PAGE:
There’s just one small catch. At $28,555 including destination, there isn’t enough wiggle room to add the $2,100 Performance Package. Not only does that bump horsepower to 275, it adds an electronic LSD, 19-inch wheels with 235/35 Pirelli P Zero tires, an active exhaust valve and bigger brakes. We consider it pretty much essential, but, well, we set the price limit. No exceptions!
      Loading … Kia Soul GT-Line Turbo

      Horsepower: 201 hp
      Torque: 195 lb-ft
      Weight: 3,036 lb
      Cost: $28,610
      The Reasoning: The Kia Soul entered its third generation for the 2020 model year, keeping its iconic boxy shape while adding some extra attitude. Nowhere is that more on display than the top-shelf GT-Line Turbo model. Opting for this $28,610 model doesn’t leave much room in the way of options. Luckily, outside of some small dealer-installed ones, there really aren’t any to add.
      A 1.6-liter turbo four-cylinder does duty here, familiar from many other Kias and Hyundais (including the Veloster). A seven-speed dual-clutch auto sends the power to the front wheels. Performance can best be described as “warm”, not hot, but the Soul’s rectilinear silhouette means it offers comparative acres of storage in this company.
      SEE ALSO: 2020 Kia Soul Review
      Standard kit is generous, with a large 10.25-inch touchscreen, Harman Kardon sound system, customizable interior lighting, smart cruise control, lane-keep assist, and more.
      If it made the cut, we’d almost rather recommend the Soul EV, which recently won the 2020 World Urban Car of the Year award.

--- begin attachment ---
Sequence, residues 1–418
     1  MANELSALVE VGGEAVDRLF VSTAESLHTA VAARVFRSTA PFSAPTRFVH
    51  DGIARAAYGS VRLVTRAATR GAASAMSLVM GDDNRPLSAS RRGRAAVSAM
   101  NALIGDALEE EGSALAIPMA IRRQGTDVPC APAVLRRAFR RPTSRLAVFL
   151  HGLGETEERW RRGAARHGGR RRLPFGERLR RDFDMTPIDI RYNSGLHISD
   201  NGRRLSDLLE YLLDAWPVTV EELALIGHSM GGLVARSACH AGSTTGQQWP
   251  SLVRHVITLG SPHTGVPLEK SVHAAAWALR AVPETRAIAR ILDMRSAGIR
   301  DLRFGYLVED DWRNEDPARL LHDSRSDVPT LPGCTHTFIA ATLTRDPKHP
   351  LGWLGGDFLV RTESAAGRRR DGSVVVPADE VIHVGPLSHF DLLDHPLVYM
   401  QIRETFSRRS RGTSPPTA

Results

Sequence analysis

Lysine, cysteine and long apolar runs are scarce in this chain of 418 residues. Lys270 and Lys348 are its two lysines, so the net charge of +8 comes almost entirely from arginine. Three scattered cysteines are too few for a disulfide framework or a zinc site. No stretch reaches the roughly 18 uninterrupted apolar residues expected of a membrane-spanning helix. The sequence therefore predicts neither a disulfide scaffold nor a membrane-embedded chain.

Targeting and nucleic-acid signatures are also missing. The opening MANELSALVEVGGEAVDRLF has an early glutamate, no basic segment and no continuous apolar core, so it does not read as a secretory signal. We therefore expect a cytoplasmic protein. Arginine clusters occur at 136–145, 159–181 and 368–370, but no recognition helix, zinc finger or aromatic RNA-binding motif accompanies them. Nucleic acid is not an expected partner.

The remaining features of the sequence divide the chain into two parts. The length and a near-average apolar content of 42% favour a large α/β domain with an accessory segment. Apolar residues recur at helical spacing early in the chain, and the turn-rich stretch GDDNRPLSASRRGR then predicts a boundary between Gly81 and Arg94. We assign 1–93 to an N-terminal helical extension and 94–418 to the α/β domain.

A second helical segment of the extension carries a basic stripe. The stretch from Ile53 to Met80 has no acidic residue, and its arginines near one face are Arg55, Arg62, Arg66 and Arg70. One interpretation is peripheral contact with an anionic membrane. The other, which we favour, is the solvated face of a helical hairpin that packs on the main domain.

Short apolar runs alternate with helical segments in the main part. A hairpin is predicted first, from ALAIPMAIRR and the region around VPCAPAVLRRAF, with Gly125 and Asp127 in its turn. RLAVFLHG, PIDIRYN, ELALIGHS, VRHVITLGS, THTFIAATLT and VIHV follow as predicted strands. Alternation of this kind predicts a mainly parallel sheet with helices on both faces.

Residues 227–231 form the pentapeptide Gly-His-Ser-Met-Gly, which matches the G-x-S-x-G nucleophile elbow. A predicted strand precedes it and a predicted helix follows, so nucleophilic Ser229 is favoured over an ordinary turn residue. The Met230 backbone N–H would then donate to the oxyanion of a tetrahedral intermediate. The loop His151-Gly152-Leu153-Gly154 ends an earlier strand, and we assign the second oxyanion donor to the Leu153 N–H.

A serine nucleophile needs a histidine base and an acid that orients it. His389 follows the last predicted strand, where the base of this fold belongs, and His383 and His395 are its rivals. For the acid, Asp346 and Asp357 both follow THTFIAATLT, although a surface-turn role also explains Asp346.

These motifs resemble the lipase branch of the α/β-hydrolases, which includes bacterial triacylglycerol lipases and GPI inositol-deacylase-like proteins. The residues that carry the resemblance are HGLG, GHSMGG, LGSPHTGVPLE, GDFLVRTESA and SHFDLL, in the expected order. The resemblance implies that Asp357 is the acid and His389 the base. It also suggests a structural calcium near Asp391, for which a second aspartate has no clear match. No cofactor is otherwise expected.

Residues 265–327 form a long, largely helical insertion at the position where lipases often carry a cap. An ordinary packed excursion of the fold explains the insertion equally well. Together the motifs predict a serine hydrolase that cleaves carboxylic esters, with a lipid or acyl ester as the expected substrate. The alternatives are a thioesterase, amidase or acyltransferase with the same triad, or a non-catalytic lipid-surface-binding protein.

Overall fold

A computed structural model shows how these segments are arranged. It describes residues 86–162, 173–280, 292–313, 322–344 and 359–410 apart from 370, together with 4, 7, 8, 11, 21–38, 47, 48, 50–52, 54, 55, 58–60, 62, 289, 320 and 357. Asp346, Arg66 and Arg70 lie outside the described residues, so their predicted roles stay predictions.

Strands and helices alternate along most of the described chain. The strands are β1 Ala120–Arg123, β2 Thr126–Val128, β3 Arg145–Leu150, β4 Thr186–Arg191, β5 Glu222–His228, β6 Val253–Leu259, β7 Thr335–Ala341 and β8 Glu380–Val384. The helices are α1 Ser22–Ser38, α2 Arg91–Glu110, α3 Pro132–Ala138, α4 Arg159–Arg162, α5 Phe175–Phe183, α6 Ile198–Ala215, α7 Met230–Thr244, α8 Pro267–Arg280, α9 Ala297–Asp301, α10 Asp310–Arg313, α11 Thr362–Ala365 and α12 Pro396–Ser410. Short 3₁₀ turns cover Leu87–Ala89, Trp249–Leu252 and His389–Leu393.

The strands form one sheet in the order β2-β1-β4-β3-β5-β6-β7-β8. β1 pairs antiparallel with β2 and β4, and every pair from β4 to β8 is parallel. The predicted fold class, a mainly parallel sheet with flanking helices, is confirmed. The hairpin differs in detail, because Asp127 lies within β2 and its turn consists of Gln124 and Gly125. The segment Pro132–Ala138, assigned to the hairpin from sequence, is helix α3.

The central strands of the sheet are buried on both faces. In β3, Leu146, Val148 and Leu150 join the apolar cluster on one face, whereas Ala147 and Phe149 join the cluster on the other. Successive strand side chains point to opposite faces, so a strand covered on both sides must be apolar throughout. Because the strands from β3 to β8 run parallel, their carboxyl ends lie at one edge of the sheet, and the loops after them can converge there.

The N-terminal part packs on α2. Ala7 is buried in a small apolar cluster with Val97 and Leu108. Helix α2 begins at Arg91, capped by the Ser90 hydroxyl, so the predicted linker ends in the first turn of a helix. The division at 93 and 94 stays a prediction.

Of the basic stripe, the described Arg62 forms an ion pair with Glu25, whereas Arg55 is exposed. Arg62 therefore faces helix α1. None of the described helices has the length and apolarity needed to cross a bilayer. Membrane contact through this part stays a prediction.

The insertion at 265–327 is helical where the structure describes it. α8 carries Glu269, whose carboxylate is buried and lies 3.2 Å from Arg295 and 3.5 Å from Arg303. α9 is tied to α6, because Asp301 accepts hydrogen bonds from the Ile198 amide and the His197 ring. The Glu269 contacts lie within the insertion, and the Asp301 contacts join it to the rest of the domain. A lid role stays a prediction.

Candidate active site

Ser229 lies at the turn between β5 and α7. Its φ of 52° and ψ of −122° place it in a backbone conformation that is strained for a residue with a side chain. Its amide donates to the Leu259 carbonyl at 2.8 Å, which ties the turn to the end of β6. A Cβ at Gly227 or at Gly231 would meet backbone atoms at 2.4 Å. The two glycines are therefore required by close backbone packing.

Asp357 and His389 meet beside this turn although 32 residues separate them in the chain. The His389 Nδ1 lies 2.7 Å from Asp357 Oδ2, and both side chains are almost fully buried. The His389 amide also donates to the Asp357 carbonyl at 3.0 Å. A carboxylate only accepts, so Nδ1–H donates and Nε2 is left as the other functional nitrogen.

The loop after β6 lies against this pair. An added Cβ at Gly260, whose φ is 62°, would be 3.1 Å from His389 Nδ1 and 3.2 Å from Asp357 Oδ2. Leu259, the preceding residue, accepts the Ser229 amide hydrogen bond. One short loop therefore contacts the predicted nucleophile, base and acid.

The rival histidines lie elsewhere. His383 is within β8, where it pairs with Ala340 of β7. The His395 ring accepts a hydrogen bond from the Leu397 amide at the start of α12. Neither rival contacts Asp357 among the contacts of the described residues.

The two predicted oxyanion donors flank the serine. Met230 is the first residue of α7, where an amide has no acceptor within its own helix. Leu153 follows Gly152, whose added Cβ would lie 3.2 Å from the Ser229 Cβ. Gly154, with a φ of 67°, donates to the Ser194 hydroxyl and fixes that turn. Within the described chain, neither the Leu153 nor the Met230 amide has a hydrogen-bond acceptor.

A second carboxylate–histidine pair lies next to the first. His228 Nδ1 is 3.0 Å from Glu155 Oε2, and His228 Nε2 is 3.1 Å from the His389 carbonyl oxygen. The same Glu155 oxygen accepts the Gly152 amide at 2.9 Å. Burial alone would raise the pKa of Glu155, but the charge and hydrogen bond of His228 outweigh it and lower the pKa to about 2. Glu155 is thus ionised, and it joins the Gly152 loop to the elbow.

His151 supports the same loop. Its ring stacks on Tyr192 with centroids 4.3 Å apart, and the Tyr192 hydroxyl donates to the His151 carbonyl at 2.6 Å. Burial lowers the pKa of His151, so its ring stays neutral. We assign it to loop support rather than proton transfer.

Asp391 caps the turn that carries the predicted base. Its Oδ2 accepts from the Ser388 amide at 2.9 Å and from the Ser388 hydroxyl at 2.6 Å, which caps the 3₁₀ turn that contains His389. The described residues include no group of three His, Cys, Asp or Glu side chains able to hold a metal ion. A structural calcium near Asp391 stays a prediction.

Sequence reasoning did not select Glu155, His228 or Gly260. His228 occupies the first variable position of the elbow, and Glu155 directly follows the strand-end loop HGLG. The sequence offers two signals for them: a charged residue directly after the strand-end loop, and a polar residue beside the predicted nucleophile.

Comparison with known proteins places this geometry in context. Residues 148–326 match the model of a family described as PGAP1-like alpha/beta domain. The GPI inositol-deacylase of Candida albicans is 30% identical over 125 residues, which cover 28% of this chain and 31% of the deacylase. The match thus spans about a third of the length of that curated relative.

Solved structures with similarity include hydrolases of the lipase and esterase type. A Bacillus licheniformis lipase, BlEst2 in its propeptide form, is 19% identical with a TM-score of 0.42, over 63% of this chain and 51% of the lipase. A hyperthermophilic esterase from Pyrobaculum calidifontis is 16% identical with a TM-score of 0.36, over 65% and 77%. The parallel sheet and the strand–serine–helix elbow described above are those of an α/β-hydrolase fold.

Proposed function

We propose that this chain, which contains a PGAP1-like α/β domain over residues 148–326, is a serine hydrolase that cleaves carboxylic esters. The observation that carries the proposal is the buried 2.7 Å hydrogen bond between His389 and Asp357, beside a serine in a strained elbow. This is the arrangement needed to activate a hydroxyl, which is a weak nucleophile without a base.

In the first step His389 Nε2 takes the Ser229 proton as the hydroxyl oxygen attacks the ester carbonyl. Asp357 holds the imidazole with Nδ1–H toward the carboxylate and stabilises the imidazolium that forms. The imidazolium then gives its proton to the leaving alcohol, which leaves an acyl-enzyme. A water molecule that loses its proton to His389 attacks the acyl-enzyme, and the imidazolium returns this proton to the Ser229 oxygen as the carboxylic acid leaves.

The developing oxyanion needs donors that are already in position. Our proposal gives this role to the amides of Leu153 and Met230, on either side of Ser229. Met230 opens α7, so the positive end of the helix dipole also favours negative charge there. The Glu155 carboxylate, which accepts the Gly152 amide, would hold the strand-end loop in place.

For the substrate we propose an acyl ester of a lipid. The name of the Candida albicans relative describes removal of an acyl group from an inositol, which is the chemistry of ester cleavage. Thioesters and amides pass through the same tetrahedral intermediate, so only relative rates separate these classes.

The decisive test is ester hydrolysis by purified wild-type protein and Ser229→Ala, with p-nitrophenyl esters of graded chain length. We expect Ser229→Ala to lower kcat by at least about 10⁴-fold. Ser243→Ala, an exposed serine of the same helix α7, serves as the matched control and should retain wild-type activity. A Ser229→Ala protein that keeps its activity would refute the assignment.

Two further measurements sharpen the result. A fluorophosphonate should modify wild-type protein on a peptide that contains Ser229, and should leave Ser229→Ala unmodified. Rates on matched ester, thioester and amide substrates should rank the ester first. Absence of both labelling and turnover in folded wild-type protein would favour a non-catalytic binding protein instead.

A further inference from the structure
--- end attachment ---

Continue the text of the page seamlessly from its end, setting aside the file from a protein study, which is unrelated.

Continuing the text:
Loading … Mazda MX-5 Miata Sport

      Horsepower: 181 hp
      Torque: 151 lb-ft
      Weight: 2,341–2,403 lb
      Cost: $27,525–$28,875
      The Reasoning: Mazda’s evergreen MX-5 is once again the cheapest way into a convertible in the US market. In its own way it’s a bit of a bargain: it may have less horsepower than anything else on this list, but it’s also lighter and the only dedicated two-seat sports car.
      SEE ALSO: 2019 Mazda MX-5 Miata Review
      Mazda increased the engine’s pony count last year, bringing the free-revving 2.0-liter’s total to 181. For less than $30,000 your only option is the entry-level Sport trim, in either six-speed manual or automatic form. You’ll find standard LED head and taillights, a six-speaker sound system and Mazda’s 7.0-inch touchscreen infotainment system. On the safety front, lane departure warning, rear cross-traffic alert, blind spot monitoring and emergency braking are all standard.
      Loading … MINI Cooper S

      Horsepower: 189 hp
      Torque: 207 lb-ft
      Weight: 2,862 lb
      Cost: $28,250
      Reasoning: MINI’s smallest model might not be so small anymore, but that shouldn’t count against it. It’s still our pick of the range, and in $28,250 Cooper S 2 Door form, is still a reasonably priced bit of fun.
      One MINI tradition that persists is an expensive options list however. Even our listed entry price comes with an asterisk: you better like Moonwalk Grey, because it’s the only one of the four paint options that doesn’t come with a $500 charge. The others are red, white and black too: hardly adventurous.
      SEE ALSO: 2019 MINI Cooper S Convertible Review
      Standard kit includes faux-leather seating (though a real-leather steering wheel), selectable driver modes and a six-speed automatic transmission. Yes, we were surprised at the lack of row-your-own option too. Heated front seats are an extra $500.
      Loading … Subaru WRX

      Horsepower: 268 hp
      Torque: 258 lb-ft
      Weight: 3,294 lb
      Cost: $28,395
      Reasoning: The WRX is unique amongst the whole lineup here as the only all-wheel drive entry. There are other AWD models out there for less than 30 large, but none come close to the fun Subaru’s rally hooligan provides.
      Subaru’s boxer engine sits low under the WRX’s nose, with a turbo helping it produce a healthy 268 hp. Sorry, those who want their WRX to shift for itself: the CVT breaches the price limit. Not that we’d recommend it anyway, as it robs the boxer four of its sense of urgency. That power and the all-power traction makes the WRX one of the fastest straight-line options here, and it places second for power-to-weight ratio, just behind the Veloster.
      SEE ALSO: 2019 Subaru WRX Raiu Review